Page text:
Over the last three years as much as half (51%, totalling 568 million) of National Lottery funding for communities has gone to the most deprived neighbourhoods in England - according to new figures released today by The National Lottery Community Fund, the largest funder of community activity in the UK.
- Half of National Lottery community funding (51%) goes to the most disadvantaged neighbourhoods in England
- The National Lottery Community Fund distributed 3.4 BILLION across UK communities in the last five years
- During the pandemic, in 2020 alone, The National Lottery Community Fund gave out almost 1 billion to charities and community organisations across the UK
- On average, each year, National Lottery-funded projects supported around 5.2 million people across the country - with improved mental health and increased social contact among the most reported benefits
- Money raised by National Lottery players helping to tackle most urgent issues: including climate change, supporting young people, employment, and mental health.
Between 2016-17 and 2020-21 The National Lottery Community Fund distributed 3.4 billion to communities across the UK. 1 billion was awarded in 2020 alone, as charities and grassroots groups rushed to respond to the COVID-19 crisis and subsequent lockdowns.
The figures are from the distributor's newly released report, Putting Communities First, which sets out the impact National Lottery funding has had on communities across the UK over the last five years.
it shows that between 2016-17 and 2020-21, National Lottery-funded community projects have supported well over 5 million people across the country each year - with 97% of grant holders reporting improvements in their participants' mental health and self-esteem as well as increased social contact.
In addition, every month almost 2 million people enjoy the benefits of National Lottery Community Fund-supported venues such as parks and village halls.
Services provided by these charities also contributed to a wealth of community-wide benefits: over half (60%) reported providing people with increased opportunities to engage in their local communities, offering more events and activities. Some 42% of projects said people had more local pride and a better sense of belonging as a result of their funded work.
Throughout the UK, National Lottery players raise more than 30 million* each week for good causes. Putting Communities First reveals that this money is helping to tackle some of the most urgent issues - including tackling the climate emergency; and supporting young people, employment, and mental health.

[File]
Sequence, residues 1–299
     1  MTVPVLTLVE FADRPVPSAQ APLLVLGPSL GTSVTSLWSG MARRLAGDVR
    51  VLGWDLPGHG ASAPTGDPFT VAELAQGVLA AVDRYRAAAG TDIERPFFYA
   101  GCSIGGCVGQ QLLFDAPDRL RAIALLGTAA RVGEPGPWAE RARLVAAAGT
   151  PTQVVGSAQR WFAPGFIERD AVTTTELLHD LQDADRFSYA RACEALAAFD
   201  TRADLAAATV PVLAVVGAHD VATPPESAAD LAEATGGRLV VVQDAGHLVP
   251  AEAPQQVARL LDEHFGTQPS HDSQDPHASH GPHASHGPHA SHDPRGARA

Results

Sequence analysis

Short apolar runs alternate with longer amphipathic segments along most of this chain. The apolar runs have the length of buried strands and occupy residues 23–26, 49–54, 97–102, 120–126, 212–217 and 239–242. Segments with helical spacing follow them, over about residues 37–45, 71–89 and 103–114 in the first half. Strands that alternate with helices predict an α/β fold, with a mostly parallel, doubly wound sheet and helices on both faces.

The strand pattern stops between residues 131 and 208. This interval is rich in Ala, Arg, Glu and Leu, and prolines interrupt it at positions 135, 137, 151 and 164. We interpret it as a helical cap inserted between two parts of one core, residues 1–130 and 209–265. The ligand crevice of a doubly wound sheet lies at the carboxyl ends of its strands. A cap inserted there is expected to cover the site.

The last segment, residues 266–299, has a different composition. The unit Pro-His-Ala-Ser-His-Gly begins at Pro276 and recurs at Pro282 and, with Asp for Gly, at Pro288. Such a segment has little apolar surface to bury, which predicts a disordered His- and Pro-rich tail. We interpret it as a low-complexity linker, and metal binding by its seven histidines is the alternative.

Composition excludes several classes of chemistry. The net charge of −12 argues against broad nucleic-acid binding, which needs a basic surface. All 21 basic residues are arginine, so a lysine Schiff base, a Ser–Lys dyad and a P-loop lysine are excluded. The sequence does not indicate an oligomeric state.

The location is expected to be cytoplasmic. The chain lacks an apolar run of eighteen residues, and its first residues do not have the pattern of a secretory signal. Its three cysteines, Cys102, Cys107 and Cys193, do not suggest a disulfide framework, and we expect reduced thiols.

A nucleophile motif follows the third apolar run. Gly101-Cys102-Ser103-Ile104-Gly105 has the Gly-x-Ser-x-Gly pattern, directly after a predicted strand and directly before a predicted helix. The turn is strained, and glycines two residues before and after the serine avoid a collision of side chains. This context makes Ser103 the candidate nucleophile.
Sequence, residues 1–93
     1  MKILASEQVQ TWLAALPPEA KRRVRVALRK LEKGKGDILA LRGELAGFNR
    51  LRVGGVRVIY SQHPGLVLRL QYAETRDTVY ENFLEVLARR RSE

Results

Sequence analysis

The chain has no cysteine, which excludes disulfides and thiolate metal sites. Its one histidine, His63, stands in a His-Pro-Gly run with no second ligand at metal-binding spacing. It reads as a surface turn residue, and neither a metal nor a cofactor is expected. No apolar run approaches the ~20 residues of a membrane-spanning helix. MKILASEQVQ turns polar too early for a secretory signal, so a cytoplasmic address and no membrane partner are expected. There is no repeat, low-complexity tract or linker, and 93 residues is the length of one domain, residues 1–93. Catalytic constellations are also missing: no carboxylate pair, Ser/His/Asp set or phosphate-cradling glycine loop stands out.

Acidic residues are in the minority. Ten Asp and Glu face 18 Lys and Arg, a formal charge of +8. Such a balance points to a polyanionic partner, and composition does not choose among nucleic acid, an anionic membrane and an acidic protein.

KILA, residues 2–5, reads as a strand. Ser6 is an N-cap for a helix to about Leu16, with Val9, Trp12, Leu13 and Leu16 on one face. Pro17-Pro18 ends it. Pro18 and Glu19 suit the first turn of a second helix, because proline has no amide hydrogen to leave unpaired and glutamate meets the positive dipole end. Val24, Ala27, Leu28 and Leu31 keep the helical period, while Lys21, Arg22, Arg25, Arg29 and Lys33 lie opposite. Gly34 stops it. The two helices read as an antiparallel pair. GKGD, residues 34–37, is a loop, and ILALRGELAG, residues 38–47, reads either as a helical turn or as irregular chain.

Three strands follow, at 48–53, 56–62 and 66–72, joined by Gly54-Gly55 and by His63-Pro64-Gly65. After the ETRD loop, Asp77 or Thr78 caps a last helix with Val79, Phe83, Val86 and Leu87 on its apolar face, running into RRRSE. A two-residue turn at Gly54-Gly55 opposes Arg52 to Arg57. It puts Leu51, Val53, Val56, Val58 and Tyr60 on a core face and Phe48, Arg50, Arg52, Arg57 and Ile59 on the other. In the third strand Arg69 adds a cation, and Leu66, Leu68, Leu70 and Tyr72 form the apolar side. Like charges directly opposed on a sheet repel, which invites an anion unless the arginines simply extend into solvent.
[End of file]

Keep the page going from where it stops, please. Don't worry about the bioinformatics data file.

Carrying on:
Since 2016, the distributor has awarded almost 400 million through more than 6,000 grants, enabling environmental action on issues such as food, waste, and consumption, as well as energy, transport, and the natural environment. In 2019, it launched its most ambitious environment-focused programme yet: a 100 million commitment delivered over 10 years, the Climate Action Fund supports local communities to take meaningful action against climate change.
One of the largest non-statutory funders of opportunity for young people over the last five years, The National Lottery Community Fund has supported more than 1.2bn of local youth projects. Each year this support has had a hugely positive impact: 80% of projects working with young people pointed to improvements in confidence and self-esteem, while almost two thirds (65%) reported young people building stronger friendships and relationships.
Over the last 12 years, National Lottery-supported initiatives have helped more than 181,000 people facing barriers to employment. The largest of these, Building Better Opportunities, has supported some 127,000 people since 2016 - almost half of whom identify as disabled (49%) and nearly a quarter are from Black and Minoritised Communities (23%).
Between 2016-17 around 1.3 billion in National Lottery funding was awarded to almost 17,000 programmes and projects focussed on helping people experiencing some of life's most complex and difficult challenges, such as homelessness and substance misuse. The overwhelming majority (91%) of organisations working with people facing these multiple disadvantages reported seeing better mental health for participants; two thirds (68%) said they saw improvements in physical health, too.